Appalachia Isn’t Ready to Be a Rural Refuge

Hollow in West Virginia by Elias Schewel. Via Flickr.

Appalachia as a refuge isn’t a new idea, but it may be growing in popularity due to COVID-19. While the public health crisis rages on, many Appalachians have an understandable concern about incoming visitors from high-infection-rate areas and have protested for folks to stop coming. 

The recent news about people fleeing hotspots like New York City for rural areas has sparked a backlash from locals. Meghan Daum’s essay,  “I Left New York for Greener Pastures—and a Puppy,” described her escape from  New York to Virginia. Though well-intentioned, the article outraged some Appalachians on social media for presenting a happy-go-lucky version of rural life in crisis as seen through her narrow experience in an AirBnB. “While the rest of the world withers under the weight of existential horror,” Daum wrote, “my world has been reduced to an endlessly repeating cycle of eating, defecating, romping, gnawing, and, sleeping.”

Appalachia, too, is straining under the weight of existential horror even if Daum doesn’t feel it from her short-term rental. So, while a regional audience can appreciate the praise of the rural landscape and her desire to raise a puppy in open spaces, her escapism and economic privilege did not sit well with readers who feared for the health and survival of their communities.

Historian Elizabeth Catte responded with a fiery, direct article, “The Rolling Hills of Appalachia are Not Your Refuge for Coronavirus.” Catte examines Daum’s essay as part of the genre of New Yorkers who leave for rural places and eventually move back to the city. “I want to tell people who are thinking of writing essays about homesteading in vacation rentals during a global crisis to just keep it to themselves,” she wrote.

Appalachians have good reason to be upset by the mindset that sees the region as an emergency home. Doing so has brought the coronavirus to Appalachia: New York City residents’ virus spread accounts for “60 to 65 percent of the sequenced viruses” that have been detected across the country. Though many scientists are hesitant to throw their weight behind the numbers without more information, New Yorkers have undoubtedly played a major role in spreading the virus. 

Some Appalachian counties, such as Graham County in western North Carolina, have pre-emptively barred outsiders from coming in to slow the spread. And the Appalachian Trail and other national parks closed in late March.

The closures were justified by the limited resources of rural hospitals and communities, and the high numbers of vulnerable populations. Rural hospitals are shutting down at alarming rates amid a global health crisis. In West Virginia, doctors are preparing for a case surge due to the higher average age of the population and limited access to treatment.

Many Appalachians who left the region have felt the pull to return home during this time, but many are resisting the urge. Many people are worried about unintentionally spreading the coronavirus. In response to the aforementioned articles by Daum and Catte, an expatalachians audience survey captured the feelings people have:

“I’m not going home for now or the foreseeable future. I might bring it with me, and resources are scarce and available for the people who live there. People just visiting are putting my loved ones at risk. It just seems selfish. You could have visited Appalachia prior to a pandemic, and if you survive, you can visit it after. But during? Now is not the time. You’re just bringing disease from the city with you, which is what a lot of my hometown folks were afraid of all along. It’s like bringing the worst of [the] city folk stereotypes to life.” —Amanda, Ohio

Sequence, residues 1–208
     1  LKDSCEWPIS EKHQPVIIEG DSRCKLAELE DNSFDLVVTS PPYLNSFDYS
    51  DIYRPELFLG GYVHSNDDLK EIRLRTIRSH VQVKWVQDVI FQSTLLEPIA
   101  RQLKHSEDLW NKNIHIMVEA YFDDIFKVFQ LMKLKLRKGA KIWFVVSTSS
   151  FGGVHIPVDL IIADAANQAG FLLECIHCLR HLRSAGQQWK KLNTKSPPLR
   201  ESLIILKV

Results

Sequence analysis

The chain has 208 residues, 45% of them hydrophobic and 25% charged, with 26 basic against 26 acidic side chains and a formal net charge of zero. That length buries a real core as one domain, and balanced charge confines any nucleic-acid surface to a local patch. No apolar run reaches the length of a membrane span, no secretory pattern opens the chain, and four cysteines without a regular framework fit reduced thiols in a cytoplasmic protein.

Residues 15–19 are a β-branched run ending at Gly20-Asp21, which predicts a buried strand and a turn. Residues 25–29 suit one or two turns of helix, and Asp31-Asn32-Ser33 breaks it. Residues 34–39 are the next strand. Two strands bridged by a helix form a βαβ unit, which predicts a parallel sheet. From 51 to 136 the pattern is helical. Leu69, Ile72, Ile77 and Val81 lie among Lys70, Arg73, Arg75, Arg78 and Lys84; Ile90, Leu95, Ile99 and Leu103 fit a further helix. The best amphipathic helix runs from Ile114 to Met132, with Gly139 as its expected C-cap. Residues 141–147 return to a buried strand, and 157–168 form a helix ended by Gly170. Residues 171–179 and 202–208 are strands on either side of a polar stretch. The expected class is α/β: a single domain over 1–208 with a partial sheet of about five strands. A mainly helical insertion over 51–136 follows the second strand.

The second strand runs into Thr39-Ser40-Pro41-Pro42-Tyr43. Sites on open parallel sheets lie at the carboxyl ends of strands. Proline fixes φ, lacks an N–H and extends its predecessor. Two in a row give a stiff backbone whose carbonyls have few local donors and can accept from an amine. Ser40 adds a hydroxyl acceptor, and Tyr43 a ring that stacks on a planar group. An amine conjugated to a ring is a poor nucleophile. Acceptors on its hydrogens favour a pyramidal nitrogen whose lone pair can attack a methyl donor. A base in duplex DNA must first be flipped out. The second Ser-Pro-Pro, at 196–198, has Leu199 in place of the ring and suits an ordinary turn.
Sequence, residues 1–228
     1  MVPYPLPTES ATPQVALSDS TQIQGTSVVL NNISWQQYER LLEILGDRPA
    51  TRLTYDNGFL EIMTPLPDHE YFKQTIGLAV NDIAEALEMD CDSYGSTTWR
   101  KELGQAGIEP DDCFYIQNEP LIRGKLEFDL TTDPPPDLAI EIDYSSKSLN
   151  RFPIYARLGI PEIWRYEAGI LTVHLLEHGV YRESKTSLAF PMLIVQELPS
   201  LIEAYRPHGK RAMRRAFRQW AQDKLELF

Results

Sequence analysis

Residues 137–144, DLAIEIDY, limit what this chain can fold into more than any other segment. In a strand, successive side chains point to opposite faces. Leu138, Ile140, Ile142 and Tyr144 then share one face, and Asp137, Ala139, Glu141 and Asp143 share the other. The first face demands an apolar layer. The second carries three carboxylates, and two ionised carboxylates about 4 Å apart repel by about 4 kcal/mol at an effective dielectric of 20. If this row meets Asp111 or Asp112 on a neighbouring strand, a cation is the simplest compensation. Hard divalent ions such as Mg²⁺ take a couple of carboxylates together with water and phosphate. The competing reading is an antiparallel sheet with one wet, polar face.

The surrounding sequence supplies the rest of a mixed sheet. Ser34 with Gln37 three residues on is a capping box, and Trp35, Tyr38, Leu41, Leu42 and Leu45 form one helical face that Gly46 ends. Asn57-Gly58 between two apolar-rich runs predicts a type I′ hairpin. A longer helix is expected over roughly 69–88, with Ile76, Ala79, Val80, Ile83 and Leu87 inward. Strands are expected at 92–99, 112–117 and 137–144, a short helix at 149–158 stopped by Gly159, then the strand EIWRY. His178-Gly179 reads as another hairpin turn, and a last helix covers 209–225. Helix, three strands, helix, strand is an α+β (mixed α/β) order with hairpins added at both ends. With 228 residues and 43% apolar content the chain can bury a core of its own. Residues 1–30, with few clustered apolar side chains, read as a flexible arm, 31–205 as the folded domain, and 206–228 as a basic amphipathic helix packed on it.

“West Virginia is filled with elderly and people struggling with pre-existing conditions due to lack of access to health care and the means to live a healthy life. This article was extremely tone deaf as she almost acted like it was an uninhabited area. Somehow droning [on]  and on about the “struggles” of a PUPPY makes it all worse. There are literally people dying, even there. Poor people who can’t up and leave and rent an AirBnB because they felt like it. I can’t imagine thinking this article would be anything but offensive to any Appalachian who read it.” —Caitlin, West Virginia/Virginia

Fleeing to the mountains isn’t new, but 2020 just may be the first time detrimental health conditions are attached to those who flee. West Virginia’s Greenbrier resort is home to the earliest, unused Congressional bunker. Recently, too, the Fallout video game series shows West Virginia as a prime hideaway for nuclear aftermath. But Appalachia isn’t ready to be a refuge in this coronavirus crisis.

That isn’t to say that outsiders should not be welcomed in Appalachia—but, for the good of the region, now isn’t the best time for outsiders to come. Sure, plan a future move to Appalachia to raise a family and a puppy in greener pastures in a place where mountains flow across the landscape. Come to Appalachia and enjoy our mountains and our trail projects. Invest in local communities and organizations who are banding together during this crisis. There is a lot of opportunity for personal and economic growth here.

But, please, don’t come into our region only in response to an emergency and potentially bring a major health crisis to a place that lacks the health care resources to manage it. 

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Alena Klimas is a writer and cofounder of expatalachians. She also manages the weekly newsletter, The Patch. Klimas is based in Asheville, NC where she works on regional and community development projects with a small consulting firm. She enjoys the vibrant outdoors and beer culture in her new home. 

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